The Triumphant Return to Saijo: Sake Matsuri 2012

This blog comes a little over a week after the event, which was on the 6th-7th. What a glorious, blurry weekend it was.

“Sake Capital Saijo”

If you’ve been reading my blog for a while, you may remember that I went to this festival during my study abroad. You may remember that I recommended it to everyone in Japan. True to my own word, I went back to the place where I spent a year of my life in order to drink tons of Japanese rice wine!

As soon as I got off work, I hopped on the new 新幹線 (shinkansen, bullet train) from Kagoshima to Hiroshima. The journey takes roughly three hours. Though it’s a bit expensive, I doubt there’s a faster or more convenient way to get between these two cities. I spent the whole ride texting old friends in Saijo whenever I had service.

This resulted in me getting a phone call the moment I got into the city. One of my oldest friends from Saijo, who had also studied abroad in Minnesota, was in Hiroshima City and wanted to grab a drink before I headed off into the rural college town. We ended up going to the bar where my former jazz bandleader works. It’s a place meant to allow Japanese people with interest in Korea talk to Korean bartenders, drink Korean liquor, and sing Korean karaoke if they so wish. The moment I walked in I found that my bandleader had already been drinking, and so he rushed up and hugged me. Then he handed me a glass of some rather expensive Korean liquor that turned out to be absolutely delicious. Somewhere in there we sang a few Korean songs. Somewhere in there we ordered another bottle.

It was a good welcome back. I don’t really remember much between the Korean bar and Saijo, but I do know I showed up at my friend’s apartment giggling. Even in this state I managed to thank her for letting me stay with her, and then hold a fairly long catch-up conversation. When we went to sleep, I was thoroughly pumped for what the rest of the weekend would bring.

The first order of business on Saturday was to get Hiroshima-style okonomiyaki. I don’t know if I’ve talked much about this food on my blog, but let me tell you, it is one of the best foods on the planet. Anyone who says otherwise is either from Kansai or has no taste buds. After this my friend and I went to a few of the old hangouts – mainly the supermarket YouMe Town so that I could buy a sweater (Hiroshima is a bit chillier than Kagoshima), and the game center where I won a Gloomy Bear plushie for only 200 yen!

After this it was off to the festival. Immediately I entered the Sake Hiroba (酒広場), or the closed-off park where you can drink all the samples you want. Here I met with a former HUSA who is also doing JET, and the current Minnesota HUSA. Mostly we drank and talked to strangers from all over the place. If there were foreigners, there was a 90% chance they were JET. We also bumped into a few old friends from our study abroad days, which was really surprising and fun. We had intended to count cups of sake when we went in, but we’d forgotten that somewhere along the way.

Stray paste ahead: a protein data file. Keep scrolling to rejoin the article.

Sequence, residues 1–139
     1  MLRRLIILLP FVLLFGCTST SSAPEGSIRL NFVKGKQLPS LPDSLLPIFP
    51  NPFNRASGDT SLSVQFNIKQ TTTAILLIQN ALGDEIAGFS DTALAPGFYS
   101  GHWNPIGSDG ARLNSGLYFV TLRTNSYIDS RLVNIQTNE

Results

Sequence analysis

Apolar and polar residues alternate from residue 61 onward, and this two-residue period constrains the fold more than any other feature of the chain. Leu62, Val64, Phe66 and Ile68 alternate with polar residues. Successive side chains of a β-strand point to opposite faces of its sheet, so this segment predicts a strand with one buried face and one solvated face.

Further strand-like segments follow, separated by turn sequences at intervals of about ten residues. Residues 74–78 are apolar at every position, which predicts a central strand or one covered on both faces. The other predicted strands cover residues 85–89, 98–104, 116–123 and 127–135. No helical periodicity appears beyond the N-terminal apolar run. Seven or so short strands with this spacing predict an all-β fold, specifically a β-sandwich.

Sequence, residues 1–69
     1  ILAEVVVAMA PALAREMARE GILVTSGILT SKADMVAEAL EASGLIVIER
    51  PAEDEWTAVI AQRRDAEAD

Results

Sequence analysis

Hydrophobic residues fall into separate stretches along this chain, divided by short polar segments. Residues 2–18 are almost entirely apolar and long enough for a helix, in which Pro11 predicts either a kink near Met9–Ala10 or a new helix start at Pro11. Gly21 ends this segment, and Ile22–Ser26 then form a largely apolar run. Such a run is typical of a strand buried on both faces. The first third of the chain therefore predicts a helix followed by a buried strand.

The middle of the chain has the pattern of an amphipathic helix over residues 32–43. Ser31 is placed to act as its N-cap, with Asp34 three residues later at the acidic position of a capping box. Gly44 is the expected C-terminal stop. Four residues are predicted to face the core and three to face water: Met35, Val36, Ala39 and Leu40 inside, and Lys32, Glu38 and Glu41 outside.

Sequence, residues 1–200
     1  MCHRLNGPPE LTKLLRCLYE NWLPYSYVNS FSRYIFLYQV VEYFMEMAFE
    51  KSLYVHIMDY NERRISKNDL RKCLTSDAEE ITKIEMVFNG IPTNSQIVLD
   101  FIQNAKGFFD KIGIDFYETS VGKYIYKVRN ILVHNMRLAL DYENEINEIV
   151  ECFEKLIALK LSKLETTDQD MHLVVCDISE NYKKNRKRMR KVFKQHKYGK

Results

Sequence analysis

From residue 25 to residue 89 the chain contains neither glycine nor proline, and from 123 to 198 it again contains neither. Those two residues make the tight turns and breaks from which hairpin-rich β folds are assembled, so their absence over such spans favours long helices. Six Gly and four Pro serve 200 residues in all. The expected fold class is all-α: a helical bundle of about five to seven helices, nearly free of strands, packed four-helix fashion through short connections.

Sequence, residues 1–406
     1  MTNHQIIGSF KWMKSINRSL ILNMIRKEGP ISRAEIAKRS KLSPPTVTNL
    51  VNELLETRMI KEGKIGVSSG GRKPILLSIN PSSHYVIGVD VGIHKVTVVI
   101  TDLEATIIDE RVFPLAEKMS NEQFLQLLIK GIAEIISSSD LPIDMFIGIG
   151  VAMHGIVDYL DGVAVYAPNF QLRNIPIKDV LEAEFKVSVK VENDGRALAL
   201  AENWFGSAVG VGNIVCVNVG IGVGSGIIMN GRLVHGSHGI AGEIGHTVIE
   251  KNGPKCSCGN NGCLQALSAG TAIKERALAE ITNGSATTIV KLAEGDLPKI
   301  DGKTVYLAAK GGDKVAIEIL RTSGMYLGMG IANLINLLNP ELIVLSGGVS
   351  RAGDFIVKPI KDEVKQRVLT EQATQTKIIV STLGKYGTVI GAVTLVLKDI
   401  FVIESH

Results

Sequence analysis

Despite the fair amount of imbibed alcohol, I just had to visit my two favorite bar hangouts in Saijo that night. First was the bar where S works, if any of you recall that post. Much to my surprise, he was working that night, too. (If you do remember my other post about him, well, he still has my button!) Until he got off work, the group of us drank there. When he finished everyone was tired and went home, except me – together we went to my other favorite bar for a few games of darts. I lost miserably. It was around four in the morning when he finally walked me back to my friend’s place.

Meaning, on Sunday I hadn’t had very much sleep. This wasn’t going to stop me. I knew a lot of people who were going to the festival that day, so I had to suck it up and go again if I wanted to meet them. Luckily for me, no one actually went into the all-you-can-drink area. I spent the earlier part of the day wandering about with the friend I have nicknamed Pink. I then met up with the friend who I’d met up with in Hiroshima City, and then we bumped into my former bandleader. From there we kept expanding our group until we had enough to go out to an izakaya and karaoke that night. We spent the entire time laughing and reminiscing.

Which made it difficult for me to leave Saijo. I was something of a wreck on the train back to the city, much to the chagrin of the luggage-burdened passenger next to me. I got back to Kagoshima and didn’t feel like doing anything. I just wanted to sit around and pout about how I wasn’t an exchange student anymore.

Still, I went to work. I wasn’t at all in the mood, but interacting with the students made me feel a lot better. No matter where you are in life, there’s always something to look forward to, I suppose.

I’m fine again now, but I think I’m going to Hiroshima again next month. Both of my schools have tests, leaving me with not much to do. I was at one point planning on going to Tokyo in order to see a few of my favorite bands, but meeting friends seems more appealing now. There’s also a visual kei concert in Hiroshima City, which is probably the real selling point.

It seems that even now my heart belongs to Saijo. However, I’m hoping soon enough it’ll be sharing with Kagoshima!


~ by megumiwasframed on October 15, 2012.

3 Responses to “The Triumphant Return to Saijo: Sake Matsuri 2012”

  1. ahhhhhh meccha jelly!!! next year next year >_<

  2. Lol. You’re not an exchange student anymore, you’re an immigrant! I bet you got an adorkable sweater. And i’m going to have to learn how to skype for sure when I move to Nova Scotia. Nobody knows yet! SHHHH! Yep, there’ rum involved in this comment. :) It’s not even for sure that I’ll be going yet, at least 5 years out.

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